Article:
Prime Minister Tony Abbott is ending his visit to Washington with meetings and a wreath laying at Arlington.

Prime Minister Tony Abbott has laid a wreath at the Tomb of the Unknown Soldier in Washington, as his government drops the idea of creating a national war cemetery in Canberra to commemorate the Anzac centenary in 2015.

The tomb is in the Arlington National Cemetery.

Mr Abbott on Friday viewed the elaborate changing of the Army soldier guard ceremony at the tomb, before laying the wreath.

“It’s fitting that I should lay a wreath at the Tomb of the Unknown Soldier here,” Mr Abbott told reporters.

“I should pay tribute to the Americans who have fought for their country because many of them have been fighting for our country.”

He said Americans, Australians, Canadians, New Zealanders and Britons had all made sacrifices over the past century.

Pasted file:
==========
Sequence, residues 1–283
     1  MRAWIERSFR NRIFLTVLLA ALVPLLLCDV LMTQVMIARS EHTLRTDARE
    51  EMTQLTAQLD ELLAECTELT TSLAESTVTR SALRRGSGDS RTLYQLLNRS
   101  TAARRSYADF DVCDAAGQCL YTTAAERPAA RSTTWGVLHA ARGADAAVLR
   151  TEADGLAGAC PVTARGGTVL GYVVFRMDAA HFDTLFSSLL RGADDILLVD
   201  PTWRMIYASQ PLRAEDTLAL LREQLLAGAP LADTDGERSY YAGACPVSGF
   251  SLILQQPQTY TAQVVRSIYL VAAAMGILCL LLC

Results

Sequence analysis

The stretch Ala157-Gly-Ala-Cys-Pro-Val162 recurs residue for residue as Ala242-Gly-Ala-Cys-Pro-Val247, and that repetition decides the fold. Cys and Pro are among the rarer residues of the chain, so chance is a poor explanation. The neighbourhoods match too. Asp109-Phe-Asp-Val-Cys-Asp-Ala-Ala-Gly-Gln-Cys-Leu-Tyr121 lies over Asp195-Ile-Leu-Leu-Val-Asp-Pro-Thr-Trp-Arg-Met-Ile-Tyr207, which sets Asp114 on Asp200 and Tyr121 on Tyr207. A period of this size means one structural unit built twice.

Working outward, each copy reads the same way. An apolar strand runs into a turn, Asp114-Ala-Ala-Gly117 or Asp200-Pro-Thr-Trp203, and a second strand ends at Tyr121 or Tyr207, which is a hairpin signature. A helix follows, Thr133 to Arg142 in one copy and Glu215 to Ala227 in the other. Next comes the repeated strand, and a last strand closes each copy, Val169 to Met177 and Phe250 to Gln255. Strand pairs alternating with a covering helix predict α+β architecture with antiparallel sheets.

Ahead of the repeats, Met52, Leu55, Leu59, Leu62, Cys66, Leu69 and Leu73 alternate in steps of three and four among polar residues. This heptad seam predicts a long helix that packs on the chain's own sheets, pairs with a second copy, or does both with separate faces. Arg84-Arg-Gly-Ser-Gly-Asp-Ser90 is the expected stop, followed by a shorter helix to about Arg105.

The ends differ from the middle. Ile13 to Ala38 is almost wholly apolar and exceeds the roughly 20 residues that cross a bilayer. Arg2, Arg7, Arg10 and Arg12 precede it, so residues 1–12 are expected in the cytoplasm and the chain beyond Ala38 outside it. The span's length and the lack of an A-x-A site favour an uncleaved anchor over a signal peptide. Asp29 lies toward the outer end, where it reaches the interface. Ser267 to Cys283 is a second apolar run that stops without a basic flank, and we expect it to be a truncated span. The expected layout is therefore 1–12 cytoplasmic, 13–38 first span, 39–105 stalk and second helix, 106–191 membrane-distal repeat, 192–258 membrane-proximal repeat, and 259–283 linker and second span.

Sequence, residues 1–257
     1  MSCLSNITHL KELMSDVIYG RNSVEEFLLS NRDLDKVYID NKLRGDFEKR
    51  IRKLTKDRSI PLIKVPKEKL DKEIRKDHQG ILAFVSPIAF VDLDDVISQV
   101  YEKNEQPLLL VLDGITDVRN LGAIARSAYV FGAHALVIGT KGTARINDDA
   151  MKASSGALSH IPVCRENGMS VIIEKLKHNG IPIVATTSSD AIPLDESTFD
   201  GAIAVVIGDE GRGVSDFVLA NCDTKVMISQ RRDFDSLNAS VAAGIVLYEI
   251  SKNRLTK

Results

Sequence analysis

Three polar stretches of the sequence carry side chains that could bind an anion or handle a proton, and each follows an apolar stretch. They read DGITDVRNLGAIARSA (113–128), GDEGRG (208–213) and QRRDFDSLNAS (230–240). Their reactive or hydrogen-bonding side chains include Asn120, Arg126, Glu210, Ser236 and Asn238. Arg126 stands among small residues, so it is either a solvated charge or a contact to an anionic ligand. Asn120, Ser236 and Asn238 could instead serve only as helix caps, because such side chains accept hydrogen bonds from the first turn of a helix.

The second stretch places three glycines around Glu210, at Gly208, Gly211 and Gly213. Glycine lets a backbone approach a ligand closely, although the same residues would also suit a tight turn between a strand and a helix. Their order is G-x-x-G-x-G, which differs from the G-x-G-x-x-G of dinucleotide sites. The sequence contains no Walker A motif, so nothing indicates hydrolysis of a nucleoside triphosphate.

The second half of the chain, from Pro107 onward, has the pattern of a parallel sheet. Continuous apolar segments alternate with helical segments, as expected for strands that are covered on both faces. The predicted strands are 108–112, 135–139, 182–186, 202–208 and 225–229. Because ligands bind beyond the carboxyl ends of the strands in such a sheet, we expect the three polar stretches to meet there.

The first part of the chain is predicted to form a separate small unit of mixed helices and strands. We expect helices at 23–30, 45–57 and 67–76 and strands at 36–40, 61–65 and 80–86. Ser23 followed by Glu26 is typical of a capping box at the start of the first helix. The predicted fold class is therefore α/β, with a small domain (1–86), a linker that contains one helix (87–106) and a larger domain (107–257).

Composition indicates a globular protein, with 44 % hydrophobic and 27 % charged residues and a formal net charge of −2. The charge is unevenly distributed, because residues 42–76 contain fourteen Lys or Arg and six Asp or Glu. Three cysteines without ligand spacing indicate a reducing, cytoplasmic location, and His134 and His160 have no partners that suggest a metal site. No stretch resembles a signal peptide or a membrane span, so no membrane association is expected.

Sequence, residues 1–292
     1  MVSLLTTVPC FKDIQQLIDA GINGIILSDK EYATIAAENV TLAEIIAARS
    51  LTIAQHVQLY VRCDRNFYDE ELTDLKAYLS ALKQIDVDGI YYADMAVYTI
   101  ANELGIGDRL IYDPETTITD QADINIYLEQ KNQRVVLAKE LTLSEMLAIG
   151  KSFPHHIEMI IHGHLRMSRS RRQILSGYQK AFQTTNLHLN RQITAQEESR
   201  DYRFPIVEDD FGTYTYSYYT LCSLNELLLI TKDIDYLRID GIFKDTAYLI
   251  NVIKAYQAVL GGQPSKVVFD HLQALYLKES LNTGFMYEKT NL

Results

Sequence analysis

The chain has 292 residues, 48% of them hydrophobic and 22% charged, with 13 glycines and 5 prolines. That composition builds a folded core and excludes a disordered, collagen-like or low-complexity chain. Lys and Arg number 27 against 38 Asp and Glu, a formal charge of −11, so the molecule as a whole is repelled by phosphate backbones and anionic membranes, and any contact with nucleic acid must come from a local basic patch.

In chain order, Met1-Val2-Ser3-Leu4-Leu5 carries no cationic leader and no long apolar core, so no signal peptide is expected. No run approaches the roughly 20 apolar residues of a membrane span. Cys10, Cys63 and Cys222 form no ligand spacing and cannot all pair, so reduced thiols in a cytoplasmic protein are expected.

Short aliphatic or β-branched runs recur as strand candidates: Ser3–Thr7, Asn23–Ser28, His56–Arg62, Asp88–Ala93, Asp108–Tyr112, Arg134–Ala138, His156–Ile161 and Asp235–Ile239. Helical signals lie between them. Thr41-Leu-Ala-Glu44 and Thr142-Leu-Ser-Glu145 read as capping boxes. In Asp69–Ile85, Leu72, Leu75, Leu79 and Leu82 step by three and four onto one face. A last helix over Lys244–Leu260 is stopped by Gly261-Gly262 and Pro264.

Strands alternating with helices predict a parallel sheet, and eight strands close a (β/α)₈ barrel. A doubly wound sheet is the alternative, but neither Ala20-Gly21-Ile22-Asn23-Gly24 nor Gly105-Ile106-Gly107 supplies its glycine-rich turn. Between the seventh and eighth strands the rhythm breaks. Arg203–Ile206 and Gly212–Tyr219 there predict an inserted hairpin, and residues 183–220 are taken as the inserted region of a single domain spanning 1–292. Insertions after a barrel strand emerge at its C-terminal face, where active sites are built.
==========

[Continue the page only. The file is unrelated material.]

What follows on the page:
The cemetery is the final resting place of more than 400,000 active-duty service members, veterans and their families.

Mr Abbott raised the idea of creating a similar cemetery in Australia in 2013 at Legacy’s national conference in Brisbane, describing it as “Australians’ Arlington”.

The concept would involve interring significant ex-soldiers.

But it is understood the concept has now been ditched after feedback from the veterans’ community.

The prime minister, who will host the G20 summit in November, also on Friday discussed financial and economic issues with US Treasury Secretary Jacob Lew and Federal Reserve chairwoman Janet Yellen.

Mr Abbott will receive a military welcome when he visits the Pentagon for talks with Defence Secretary Chuck Hagel and the Chairman of the Joint Chiefs of Staff, General Martin Dempsey.

He will then head to Houston, where he will deliver a speech to the Asia Society. Liquefied natural gas is also likely to be discussed during Mr Abbott’s visit, with the biggest project occupying the minds of LNG industry figures being the Panama Canal expansion.

It will allow massive Post-Panamax ships to take American LNG to the booming markets of Asia to compete against the Australian product.